My latest round of pre-production WonderThumbs with logos fresh out of the molds. Seven different sizes, still trying to decide on a color...
The last prototype functioned pretty well, but there was no way for it to maintain alignment on the hand, especially during shifts, but also simply in putting the device on your hand.
I then came up with the concept of a saddle type shape which accomplishes two things; it limits the device from rotating around the thumb, and it helps transfer the weight of the instrument into the hand itself.
This was the first "saddle" shaped prototype.
The shape needed some more refinement, but the support of the neck was great.
No time for another development blog entry today. Here's a pic I took of four violins that I owned (two of which have subsequently been sold, two of which I also used to make my avatar).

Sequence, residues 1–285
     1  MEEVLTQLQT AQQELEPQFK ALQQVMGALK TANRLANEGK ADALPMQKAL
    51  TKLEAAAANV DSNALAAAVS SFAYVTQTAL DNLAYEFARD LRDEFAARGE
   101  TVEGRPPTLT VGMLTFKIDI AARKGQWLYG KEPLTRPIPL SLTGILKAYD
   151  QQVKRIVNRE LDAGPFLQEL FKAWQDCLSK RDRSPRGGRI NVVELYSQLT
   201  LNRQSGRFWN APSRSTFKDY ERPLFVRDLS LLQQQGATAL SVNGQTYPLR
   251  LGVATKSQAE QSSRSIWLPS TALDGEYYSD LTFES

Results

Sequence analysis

A violin scroll, is a violin scroll, is a violin scroll, right? That's the way it's been done for 400 years, by cracky,and that's the way it shall be forevermore, amen!
Except when someone decides to do things a bit differently. The odd man out scroll is from a Chanot replica.
That's is where I'm headed with my WonderThumb. It seems that everyone and their brother pretty much takes it for granted that a shoulder rest is what gets used to support a violin, end of story, no questions asked.
But my concept turns that around: support for the violin originally was done by the left hand. Why do we now transfer that duty to someone's jaw and neck by clamping something across the back of the instrument? If help is needed in support, why not aid the left hand itself. Hands are made to hold things up, the only thing your neck was made to hold up is your head. Utilizing it to hold a violin may not be the best use of resources...
Don't get me wrong! I think the Shoulder rest is a wonderful invention, and is a very useful tool to have in our arsenal of aids. I'm not bashing it! But I'm thinking there is more than one possible solution to this issue.